SAFE Animal Shelter flooded

Kile Brewer
Posted 9/14/17

DOCTORS INLET – No amount of preparation could have prevented the flooding at the Safe Animal Shelter just west of Fleming Island.

About a week before Hurricane Irma moved through the Florida …

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SAFE Animal Shelter flooded


DOCTORS INLET – No amount of preparation could have prevented the flooding at the Safe Animal Shelter just west of Fleming Island.
About a week before Hurricane Irma moved through the Florida peninsula, the shelter’s director Sherry Mansfield and her team began hitting the phones to try and foster out their animals, about 35 dogs and 60 cats. Due to their quick thinking, every animal is safe.
“Some people wanted to foster, but as the storm got closer they decided to evacuate,” Mansfield said. “We pretty much got everybody out before the storm hit. Everybody is being fostered right now, and they’re all safe.”
Mansfield noted that one of the most generous foster parents was the vet tech employed at the shelter. Wendy Blackburn took in all the shelter’s kittens and some cats, about 30 felines in total. She said one foster family immediately fell in love with a puppy they had agreed to foster and has since decided to adopt the pup – something Mansfield hopes will continue to happen.
Once most of the animals were out, the reality of the situation set in. While retrieving the last group of dogs, the water – already waist deep – was still rising. The hallways where their kennels are kept became rivers. Computers and supplies floated by as volunteers and workers got the last few dogs loaded up. Their new air conditioning unit, new washer and dryer, and all their medical supplies can be seen sitting on top or underneath flood water in photos posted on the shelter’s Facebook page.
“Pretty much everything is wet or damaged,” Mansfield said. “We’re going to have to start over from the ground up.”
Mansfield, whose two-story Middleburg home is also flooded, has been staying with one of the shelter’s board members, Lee Oliver. The two expect to make a trip to the shelter Friday once the water has receded from the gravel road that winds around the retention pond and to the front of the building. Once they can get in, they will assess the damage, but for now, the two women can’t imagine being able to replace everything that was damaged with the shelter’s shoestring budget.
“We’re on our own with this, we have no funding except for what we get from fundraisers and donations,” Oliver said.
“We don’t receive government funding, so we rely on the community,” Mansfield said.
Once the damage has been assessed and recorded, they will immediately begin recovery efforts. Oliver and Mansfield expect to begin removing damaged property and cleaning out the kennels and cat rooms this weekend once they have completed their initial walkthrough.
Since the shelter updated its Facebook page with a photo of a dog being evacuated with the simple message “We Need Help,” they have received so many donated supplies that they are seeking dry storage to house things until the shelter reopens.
At this point, those interested in helping can do two things.
The biggest need for the shelter is funding. They have more supplies than they can store, but they will need to raise money to replace everything lost in the water. To donate directly to the shelter, prospective donors can go the main PayPal site and send funds to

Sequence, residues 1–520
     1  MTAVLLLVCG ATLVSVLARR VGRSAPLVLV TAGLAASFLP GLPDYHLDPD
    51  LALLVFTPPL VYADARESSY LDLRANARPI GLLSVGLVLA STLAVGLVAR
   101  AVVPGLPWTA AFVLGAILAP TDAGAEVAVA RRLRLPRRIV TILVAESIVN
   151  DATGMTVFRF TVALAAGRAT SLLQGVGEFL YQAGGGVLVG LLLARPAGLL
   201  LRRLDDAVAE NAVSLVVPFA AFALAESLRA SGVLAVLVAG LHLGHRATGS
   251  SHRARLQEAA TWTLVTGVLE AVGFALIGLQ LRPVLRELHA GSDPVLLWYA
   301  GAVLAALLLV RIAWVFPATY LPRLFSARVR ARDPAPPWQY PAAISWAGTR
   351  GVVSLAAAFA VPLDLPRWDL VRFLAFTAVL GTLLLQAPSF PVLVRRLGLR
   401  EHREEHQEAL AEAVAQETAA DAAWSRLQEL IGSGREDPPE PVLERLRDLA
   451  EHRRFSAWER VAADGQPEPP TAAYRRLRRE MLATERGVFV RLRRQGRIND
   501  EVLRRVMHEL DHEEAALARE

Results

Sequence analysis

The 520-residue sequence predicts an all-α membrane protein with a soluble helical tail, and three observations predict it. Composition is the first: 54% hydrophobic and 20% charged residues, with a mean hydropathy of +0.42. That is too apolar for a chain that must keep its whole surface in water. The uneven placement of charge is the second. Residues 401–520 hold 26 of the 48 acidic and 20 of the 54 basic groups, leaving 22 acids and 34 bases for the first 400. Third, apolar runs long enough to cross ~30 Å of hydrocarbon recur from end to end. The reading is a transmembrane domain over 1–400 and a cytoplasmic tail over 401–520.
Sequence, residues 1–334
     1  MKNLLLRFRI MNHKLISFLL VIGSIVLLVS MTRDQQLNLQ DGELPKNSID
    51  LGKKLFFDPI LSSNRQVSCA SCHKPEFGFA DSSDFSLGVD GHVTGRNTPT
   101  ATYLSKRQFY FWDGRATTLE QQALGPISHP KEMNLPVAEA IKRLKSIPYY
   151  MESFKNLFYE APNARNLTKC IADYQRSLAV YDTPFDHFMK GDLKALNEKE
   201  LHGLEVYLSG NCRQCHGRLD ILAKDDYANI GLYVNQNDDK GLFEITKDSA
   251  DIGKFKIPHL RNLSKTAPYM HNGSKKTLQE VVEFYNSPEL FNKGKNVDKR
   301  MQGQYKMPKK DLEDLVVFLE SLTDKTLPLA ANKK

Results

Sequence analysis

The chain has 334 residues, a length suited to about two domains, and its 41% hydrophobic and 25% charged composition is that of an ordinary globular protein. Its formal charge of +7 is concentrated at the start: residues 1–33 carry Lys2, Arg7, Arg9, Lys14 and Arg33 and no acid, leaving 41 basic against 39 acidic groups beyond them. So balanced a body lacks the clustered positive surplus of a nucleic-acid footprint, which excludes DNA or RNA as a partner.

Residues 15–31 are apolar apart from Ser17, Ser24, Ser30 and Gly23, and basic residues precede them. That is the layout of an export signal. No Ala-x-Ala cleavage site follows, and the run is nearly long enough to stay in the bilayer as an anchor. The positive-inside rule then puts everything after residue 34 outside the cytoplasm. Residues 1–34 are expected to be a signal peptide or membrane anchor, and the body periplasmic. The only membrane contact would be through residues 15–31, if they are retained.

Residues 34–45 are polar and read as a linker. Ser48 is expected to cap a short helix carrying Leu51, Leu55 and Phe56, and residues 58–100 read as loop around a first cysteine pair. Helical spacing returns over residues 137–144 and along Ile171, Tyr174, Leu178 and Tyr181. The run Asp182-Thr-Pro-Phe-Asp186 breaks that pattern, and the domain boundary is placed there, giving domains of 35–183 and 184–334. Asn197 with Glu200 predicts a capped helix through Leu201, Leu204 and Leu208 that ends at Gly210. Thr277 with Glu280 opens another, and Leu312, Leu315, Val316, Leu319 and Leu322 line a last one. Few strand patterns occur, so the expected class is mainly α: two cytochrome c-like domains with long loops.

Additionally, the shelter is hosting its annual auction fundraiser later this month. The event has been planned for months, but could not have been scheduled at a better time.
“The auction is always our biggest fundraiser of the year,” Mansfield said. “Right now we need it more than ever.”
The Pawsport to Purradise auction will be held on Sept. 23 from 5-9 p.m. at the Thrasher Horne Center. There will be catered food and live and silent auction items. Tickets can be purchased through the Safe Animal Shelter Facebook page, or on their website at

Beginning Saturday, tentatively, they will also need ongoing help from volunteers, specifically those with experience in building repairs, landscaping and flood recovery.
One of the more surprising and unfortunate things that has happened since the storm hit came Tuesday evening when someone drove to the flooded shelter, picked up a discarded dog carrier that sat near the entrance to the shelter’s driveway, and put about eight kittens inside and left them at the water’s edge, as close as they could to the front door. Luckily, an employee stopped by the shelter to check on things before going home for the night and found the kittens, soaking wet, and posted a photo to the shelter’s Facebook page. As of Wednesday morning, all the kittens had been placed in foster care. Though this sort of thing isn’t uncommon for shelters, now it hits especially hard.
“This is the hardest job I’ve ever had,” Mansfield said while looking through photos of the flooded shelter on her phone. “But my staff has been amazing, they’ve gone above and beyond. We’re a small shelter, but we operate as a team and we’re all like family. Our No. 1 priority is taking care of the animals.”
Mansfield said the Safe Animal Shelter Facebook page is the best way to keep track of their situation. She and her employees will be posting regular updates and keeping the community informed when they have a specific need.


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